Fifth Sunday of Lent
The Book of Jeremiah provides this weekend’s first reading. A common theme runs through all the written prophecies of ancient Israel, namely that despite human sinfulness and treachery, God always is merciful. He always forgives. He never forsakes the people.
Jeremiah constantly wrote with this theme in his mind. He had no doubt. The people had gravely sinned, and consequently they had brought chaos and misery into their lives. Thus is it with humans. God, however, saves sinners from their plight.
This weekend’s reading speaks of a New Covenant. The people’s sins had severely rebuked the old covenant, given to the people through Moses, and then to David and his dynasty, but God would offer a new way to life, peace and joy.
The Epistle to the Hebrews supplies the second reading. This epistle is rich in Jewish symbolism. It abundantly proclaims the most profound of Jewish beliefs, that God will never fail in mercy and forgiveness if the people reform. This reading underscores the role of Jesus, the Son of God, in the divine plan to redeem the lost. His suffering on the cross affirmed and verified perfect obedience to the Father. The Lord made possible eternal salvation for all who obey.
St. John’s Gospel supplies the last reading. Greeks who were visiting Jerusalem sought Jesus. They approached Philip, an apostle. Philip went to Andrew, another of the Twelve.
An interesting incidental was that contact with Jesus is initiated through the Apostles. It shows that in the Early Church, when this Gospel was written, the Apostles were very, very important because they literally had known the Lord. They were the Lord’s special students, chosen to represent the Lord. Since they personally had been chosen, they acted and spoke with the very authority of Jesus.
Jesus placed a dark cloud over this reading. He predicted the crucifixion but implied that Calvary would result in life for all. To illustrate, Jesus spoke of a grain of wheat, lifeless and tiny; but, the Lord notes that from this small piece of nature, the mustard seed, new life springs. Finally, Jesus says that no gift is as total as the giving of a person’s life.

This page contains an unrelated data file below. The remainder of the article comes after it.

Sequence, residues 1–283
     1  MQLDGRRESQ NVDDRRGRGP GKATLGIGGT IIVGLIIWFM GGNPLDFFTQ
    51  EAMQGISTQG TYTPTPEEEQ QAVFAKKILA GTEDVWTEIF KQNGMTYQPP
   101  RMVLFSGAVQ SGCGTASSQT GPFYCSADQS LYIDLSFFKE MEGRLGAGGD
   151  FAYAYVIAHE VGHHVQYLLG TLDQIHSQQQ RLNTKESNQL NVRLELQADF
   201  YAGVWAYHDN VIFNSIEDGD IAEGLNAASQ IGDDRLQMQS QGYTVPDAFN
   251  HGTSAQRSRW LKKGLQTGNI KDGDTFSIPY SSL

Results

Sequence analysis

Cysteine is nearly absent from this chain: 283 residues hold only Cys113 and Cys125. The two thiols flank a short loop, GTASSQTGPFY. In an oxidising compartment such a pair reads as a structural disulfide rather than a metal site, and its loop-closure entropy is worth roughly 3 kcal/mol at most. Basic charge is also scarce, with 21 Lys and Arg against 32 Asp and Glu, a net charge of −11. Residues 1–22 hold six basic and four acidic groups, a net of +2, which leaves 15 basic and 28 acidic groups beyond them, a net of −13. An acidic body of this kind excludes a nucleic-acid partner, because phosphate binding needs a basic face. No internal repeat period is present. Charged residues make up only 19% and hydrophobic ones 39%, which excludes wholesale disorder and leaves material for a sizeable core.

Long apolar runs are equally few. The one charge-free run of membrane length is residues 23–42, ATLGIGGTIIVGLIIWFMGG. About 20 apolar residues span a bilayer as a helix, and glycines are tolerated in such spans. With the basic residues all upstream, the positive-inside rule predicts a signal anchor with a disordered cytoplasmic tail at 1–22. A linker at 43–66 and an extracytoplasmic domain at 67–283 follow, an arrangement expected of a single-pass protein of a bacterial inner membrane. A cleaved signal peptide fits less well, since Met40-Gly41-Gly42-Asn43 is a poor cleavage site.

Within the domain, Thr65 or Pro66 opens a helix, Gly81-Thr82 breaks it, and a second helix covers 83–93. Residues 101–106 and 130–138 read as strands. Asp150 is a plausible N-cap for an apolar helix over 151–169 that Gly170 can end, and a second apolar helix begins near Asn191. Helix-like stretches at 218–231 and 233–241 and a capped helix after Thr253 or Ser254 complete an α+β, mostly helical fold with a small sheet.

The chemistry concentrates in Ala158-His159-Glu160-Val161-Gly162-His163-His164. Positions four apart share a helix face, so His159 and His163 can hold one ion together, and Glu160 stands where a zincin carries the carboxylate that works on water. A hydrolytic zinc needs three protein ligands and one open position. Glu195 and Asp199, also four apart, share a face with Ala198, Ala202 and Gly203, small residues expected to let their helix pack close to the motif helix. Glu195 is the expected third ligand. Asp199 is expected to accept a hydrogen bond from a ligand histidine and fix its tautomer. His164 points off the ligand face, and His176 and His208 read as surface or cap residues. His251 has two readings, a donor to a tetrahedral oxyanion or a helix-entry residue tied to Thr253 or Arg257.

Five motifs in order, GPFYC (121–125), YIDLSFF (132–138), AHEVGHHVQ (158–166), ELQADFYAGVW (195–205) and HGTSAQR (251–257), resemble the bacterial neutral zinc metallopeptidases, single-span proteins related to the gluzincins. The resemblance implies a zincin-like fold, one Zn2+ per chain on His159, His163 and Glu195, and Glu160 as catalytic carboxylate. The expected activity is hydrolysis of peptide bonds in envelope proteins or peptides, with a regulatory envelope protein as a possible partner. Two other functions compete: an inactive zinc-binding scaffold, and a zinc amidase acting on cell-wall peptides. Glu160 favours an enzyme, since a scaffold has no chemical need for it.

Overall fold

The Gospel reveals the intimacy between Jesus and God the Father, and between the Lord and His disciples. This intimacy with the disciples necessarily requires their absolute will to follow the Lord regardless of the cost, which may be very high. Discipleship may not be easy.
Next weekend the Church will celebrate Palm Sunday, or Passion Sunday. In two weeks, the Church will call us to mark this year’s Holy Week with its magnificent, expressive liturgy of the Triduum.
Two consoling lessons emerge from this weekend’s Gospel reading. The Lord Jesus and God the Father are perfectly and inseparably one. So, Jesus prays to the Father and is answered. Jesus is the supreme channel for the outpouring of divine everlasting love. The self-sacrifice of Jesus on Calvary is the sublime act of God’s love.
God’s love is never restricted or limited. In the first verse of this Gospel reading, Greeks wished to see Jesus. New life awaits all who simply turn to the Lord. The Lord declares that the Father will bless true disciples, true servants of Jesus. The Lord is the perfect teacher. He is the bearer of Redemption.
The key to bonding with God is wholeheartedly to turn to the Lord. Obedience is a vitally important part of each of the lessons this weekend. Jeremiah called the people to obey God. Hebrews and Mark extoll the obedience of Christ.
Such unqualified obedience is demanding, to say the least, but nothing else will suffice.
In obedience is genuine acknowledgement of God, a statement of reality, of who we are, and of who God is.
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